Human Resource and Skills

India has provided more healthcare professionals to the world than any other country, whether it’s the Doctors, paramedics, nurses, skilled machine technologists and continues to do so. Unfortunately, we need more such human resource for the country rather than have them go for better prospects outside. We have trained them and we need to keep them. Medical education is heavily subsidised in India and state, therefore, is losing a substantial amount on every Doctor that we give to the world. One way is to pay them more as skills are costly and in high demand. The other way is to depoliticise the education where the seats are artificially frozen to get high capitation fees. We need more doctors, more nurses, more technicians and need to invest in those educational facilities and take away the unfair practices. The Regulator of the medical profession is a key arbiter for the development of the medical profession where the action has not been satisfactory. We need to change that. The numbers and quality of the human resource need to improve to make a difference.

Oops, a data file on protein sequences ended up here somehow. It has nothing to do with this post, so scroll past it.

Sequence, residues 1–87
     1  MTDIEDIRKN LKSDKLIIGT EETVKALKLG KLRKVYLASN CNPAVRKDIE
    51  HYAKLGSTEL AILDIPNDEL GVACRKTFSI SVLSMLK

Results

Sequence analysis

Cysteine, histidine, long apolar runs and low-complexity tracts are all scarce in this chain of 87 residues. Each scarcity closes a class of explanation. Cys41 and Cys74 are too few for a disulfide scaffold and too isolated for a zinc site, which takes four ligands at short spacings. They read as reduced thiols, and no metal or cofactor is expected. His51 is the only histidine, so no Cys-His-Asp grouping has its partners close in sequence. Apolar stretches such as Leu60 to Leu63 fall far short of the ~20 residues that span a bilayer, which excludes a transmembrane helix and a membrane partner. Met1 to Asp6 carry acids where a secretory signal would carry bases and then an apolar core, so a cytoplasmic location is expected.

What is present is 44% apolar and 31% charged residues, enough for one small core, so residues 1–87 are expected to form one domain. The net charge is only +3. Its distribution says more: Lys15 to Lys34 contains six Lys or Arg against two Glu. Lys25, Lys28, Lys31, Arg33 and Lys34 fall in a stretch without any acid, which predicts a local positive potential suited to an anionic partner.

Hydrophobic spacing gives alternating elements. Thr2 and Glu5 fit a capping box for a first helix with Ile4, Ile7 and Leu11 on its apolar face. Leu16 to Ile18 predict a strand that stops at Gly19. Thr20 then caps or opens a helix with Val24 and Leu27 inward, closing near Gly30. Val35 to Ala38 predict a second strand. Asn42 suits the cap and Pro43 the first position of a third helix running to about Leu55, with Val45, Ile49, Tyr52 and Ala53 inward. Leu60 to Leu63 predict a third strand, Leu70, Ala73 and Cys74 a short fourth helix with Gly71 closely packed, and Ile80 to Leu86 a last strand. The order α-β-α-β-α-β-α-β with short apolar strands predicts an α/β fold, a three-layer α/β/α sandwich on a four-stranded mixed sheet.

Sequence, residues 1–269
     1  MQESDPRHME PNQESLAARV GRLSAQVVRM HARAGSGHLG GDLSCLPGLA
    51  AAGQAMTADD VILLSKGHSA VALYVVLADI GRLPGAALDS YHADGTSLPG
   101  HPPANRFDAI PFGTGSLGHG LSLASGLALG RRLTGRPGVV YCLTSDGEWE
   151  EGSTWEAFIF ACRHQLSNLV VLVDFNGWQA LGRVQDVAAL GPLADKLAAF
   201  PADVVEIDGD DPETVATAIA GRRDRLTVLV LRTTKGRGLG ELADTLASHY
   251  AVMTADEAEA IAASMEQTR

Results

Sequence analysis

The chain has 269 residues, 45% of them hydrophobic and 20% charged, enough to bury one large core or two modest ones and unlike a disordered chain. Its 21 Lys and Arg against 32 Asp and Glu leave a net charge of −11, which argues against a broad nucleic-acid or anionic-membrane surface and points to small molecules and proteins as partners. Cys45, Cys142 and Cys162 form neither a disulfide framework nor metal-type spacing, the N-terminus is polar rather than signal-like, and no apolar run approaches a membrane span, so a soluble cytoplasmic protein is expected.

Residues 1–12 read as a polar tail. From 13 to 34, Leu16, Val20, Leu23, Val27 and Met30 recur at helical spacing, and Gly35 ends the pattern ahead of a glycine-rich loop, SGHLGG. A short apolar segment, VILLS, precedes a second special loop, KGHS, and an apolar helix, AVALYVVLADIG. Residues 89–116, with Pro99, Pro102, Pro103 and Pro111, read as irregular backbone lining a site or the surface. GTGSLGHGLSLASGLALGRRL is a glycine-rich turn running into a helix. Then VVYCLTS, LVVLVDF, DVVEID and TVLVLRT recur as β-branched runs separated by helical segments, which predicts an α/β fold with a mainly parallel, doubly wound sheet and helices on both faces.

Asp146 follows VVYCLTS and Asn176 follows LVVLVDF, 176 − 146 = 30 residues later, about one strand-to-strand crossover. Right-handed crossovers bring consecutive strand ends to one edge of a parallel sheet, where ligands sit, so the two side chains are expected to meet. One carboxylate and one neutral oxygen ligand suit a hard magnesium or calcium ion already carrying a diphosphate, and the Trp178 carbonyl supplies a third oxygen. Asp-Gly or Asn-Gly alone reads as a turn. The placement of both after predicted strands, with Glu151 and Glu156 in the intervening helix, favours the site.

There is a lot more to discuss but the key issue is infrastructure, human resources and of course governance. If one has these then the financing and investments can be found. Healthcare should rank right after food, security and housing and I’m sure if the state can subsidise some of the other must-haves it will find a way for this too. Affordability of health care ranks very high on the population mindset and that’s why State must take a greater role than the Private sector whose primary motive is profit and not to forget the furthering of medical insurance sector which is key to affordability. Having a large population is a benefit only if it is healthy and working. This message along with the COVID  disruption should embolden the State to act. Hopefully in our lifetime! – Business World